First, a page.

If I may have a second T-shirt, let it proclaim that I am with them as well. I have not bothered to look it up, but I know for a fact that it cost a good deal of money to build the Vatican. Only a very lowly specimen of parsimonious ass would even bother to ask whether the Church saw sufficient return on its investment (which, of course, it did).
The same goes for the cathedrals of Europe, which were designed literally and figuratively to lift man’s gaze heavenward. The wonderful thing about cathedrals is that they are for everyone. The rich can always find inspiration. They can always acquire beauty. The poor had few such opportunities. Cathedrals were an attempt to bring light to the darkness, to inspire men collectively and individually. Throughout Europe, noblemen and city-states battled to get closer to God by building one spire higher than the next. It was a race to the heavens of a different kind.
Now, none of this means that I think we should carpet-bomb South Florida and Texas with taxpayer dollars to fund massive, inefficient bureaucracies. That, it seems to me, is the liberal approach to everything these days. Every time I accidentally turn on MSNBC, I see Rachel Maddow yelling about the Hoover Dam and how conservatives don’t want to build such things anymore. The truth, of course, is that conservatives would have far less of a problem with a Hoover Dam than the snail-darter lobby would. Indeed, when liberals talk about infrastructure spending and Keynesian multiplier effects, it seems it’s all about winterizing Grandma’s attic, covering unearned bonuses for government workers, and repairing what seem to be millions of leaky public-school roofs (one possible commercial spinoff: space-age public-school roofs that won’t leak — because it seems to me that Democrats have been complaining about leaking roofs for 40 years now).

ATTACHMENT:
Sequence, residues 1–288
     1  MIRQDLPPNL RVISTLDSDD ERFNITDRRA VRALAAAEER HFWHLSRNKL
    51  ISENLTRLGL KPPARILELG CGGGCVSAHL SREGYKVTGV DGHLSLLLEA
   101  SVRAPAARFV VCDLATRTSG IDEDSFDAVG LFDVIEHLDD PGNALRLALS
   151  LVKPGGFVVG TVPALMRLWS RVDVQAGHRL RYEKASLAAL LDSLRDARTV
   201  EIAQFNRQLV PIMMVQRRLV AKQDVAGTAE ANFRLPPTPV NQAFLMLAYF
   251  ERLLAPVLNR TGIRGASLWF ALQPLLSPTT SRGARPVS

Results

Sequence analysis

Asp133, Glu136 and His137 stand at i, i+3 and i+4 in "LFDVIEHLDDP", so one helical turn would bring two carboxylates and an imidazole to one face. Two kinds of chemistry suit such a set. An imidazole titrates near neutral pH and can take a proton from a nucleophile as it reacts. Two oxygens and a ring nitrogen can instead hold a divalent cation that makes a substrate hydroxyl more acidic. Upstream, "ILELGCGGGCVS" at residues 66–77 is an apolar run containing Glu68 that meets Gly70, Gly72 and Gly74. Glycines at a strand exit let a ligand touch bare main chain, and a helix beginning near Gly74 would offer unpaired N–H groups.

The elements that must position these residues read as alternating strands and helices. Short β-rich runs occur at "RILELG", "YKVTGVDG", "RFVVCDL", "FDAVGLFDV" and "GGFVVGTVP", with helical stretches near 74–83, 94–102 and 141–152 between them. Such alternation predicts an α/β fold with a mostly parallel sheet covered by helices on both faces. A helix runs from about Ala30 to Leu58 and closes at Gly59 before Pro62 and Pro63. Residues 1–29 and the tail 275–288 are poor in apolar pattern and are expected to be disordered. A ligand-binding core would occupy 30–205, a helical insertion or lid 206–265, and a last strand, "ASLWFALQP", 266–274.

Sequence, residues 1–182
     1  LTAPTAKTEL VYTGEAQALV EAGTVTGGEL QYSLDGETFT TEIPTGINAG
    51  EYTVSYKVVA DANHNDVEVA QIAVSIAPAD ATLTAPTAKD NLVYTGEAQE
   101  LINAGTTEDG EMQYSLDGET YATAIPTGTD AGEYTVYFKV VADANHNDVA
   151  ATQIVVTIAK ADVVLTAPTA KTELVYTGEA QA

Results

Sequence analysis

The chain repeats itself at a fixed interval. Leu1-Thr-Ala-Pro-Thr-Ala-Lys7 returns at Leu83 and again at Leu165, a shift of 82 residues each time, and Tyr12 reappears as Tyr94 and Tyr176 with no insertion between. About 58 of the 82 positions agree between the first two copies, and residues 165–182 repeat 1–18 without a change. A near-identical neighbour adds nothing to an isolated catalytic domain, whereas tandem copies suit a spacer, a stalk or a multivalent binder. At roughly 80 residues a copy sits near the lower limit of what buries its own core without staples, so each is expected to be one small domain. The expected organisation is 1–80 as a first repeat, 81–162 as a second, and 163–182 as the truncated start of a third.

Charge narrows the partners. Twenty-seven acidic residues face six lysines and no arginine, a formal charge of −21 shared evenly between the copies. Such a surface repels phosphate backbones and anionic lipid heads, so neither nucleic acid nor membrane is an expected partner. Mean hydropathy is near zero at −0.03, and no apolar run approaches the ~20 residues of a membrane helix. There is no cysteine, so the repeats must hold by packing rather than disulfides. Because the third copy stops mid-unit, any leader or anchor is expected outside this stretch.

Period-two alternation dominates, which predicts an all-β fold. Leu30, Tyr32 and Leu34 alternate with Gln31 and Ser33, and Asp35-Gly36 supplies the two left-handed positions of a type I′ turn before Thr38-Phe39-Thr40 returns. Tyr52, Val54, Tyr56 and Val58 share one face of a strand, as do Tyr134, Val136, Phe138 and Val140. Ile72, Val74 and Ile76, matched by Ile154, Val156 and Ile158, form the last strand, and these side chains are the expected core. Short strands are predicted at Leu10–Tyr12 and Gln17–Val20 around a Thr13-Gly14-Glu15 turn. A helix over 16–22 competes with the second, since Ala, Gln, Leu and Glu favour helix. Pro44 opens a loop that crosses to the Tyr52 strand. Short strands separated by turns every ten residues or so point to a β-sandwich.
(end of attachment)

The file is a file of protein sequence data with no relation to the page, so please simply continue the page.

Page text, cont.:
Liberals talk about doing great things in order to get money from taxpayers, and then they use the money to cover the operating expenses of the Democratic party. They promise the moon but deliver moonshine (sometimes literally, in the form of ethanol). A friend of mine, who agrees with me that the Keynesians have an imagination deficit greater than the actual deficit they’re creating, suggests that not only should the White House have approved the Keystone pipeline, it should have promised to build alongside it a giant canal from Canada to Texas that we could all use for whitewater rafting.
I, for one, could tolerate all of the infrastructure spending the Democrats want to do, if I thought the aim was to actually get it built. But, like Friedman’s men with spoons, the point always seems to be creating the work, not getting the job done. The Pentagon was built in 16 months. The Apollo program lasted 10 years. But Boston’s Big Dig took 20 years — and they didn’t even use spoons.
That’s why Gingrich’s proposal to offer a series of massive prizes for spacefaring breakthroughs makes complete sense. The British crown offered prizes for all sorts of things, such as accurate clocks to determine longitude, and there’s no reason we couldn’t too. When Mitt Romney tried to make Gingrich look like an idiot in the most recent debate, he missed the point. “I spent 25 years in business,” Romney reminded everyone. “If I had a business executive come to me and say they wanted to spend a few hundred billion dollars to put a colony on the moon, I’d say, ‘You’re fired.’”
And that’s why you have prizes. There is no short-term market incentive for putting a colony on the moon. By issuing prizes — which are paid out only when someone succeeds — you create that incentive without creating the bone-crushing bureaucracies of the modern liberal administrative state.
I don’t know whether it will be 100 years from now or 1,000, but someday historians on some extraterrestrial body will look back on the sad chapter that America is in today. They may or may not conclude that Newt Gingrich was the wrong choice at this moment. What they won’t say is that Newt Gingrich had the wrong idea about where our destiny lies.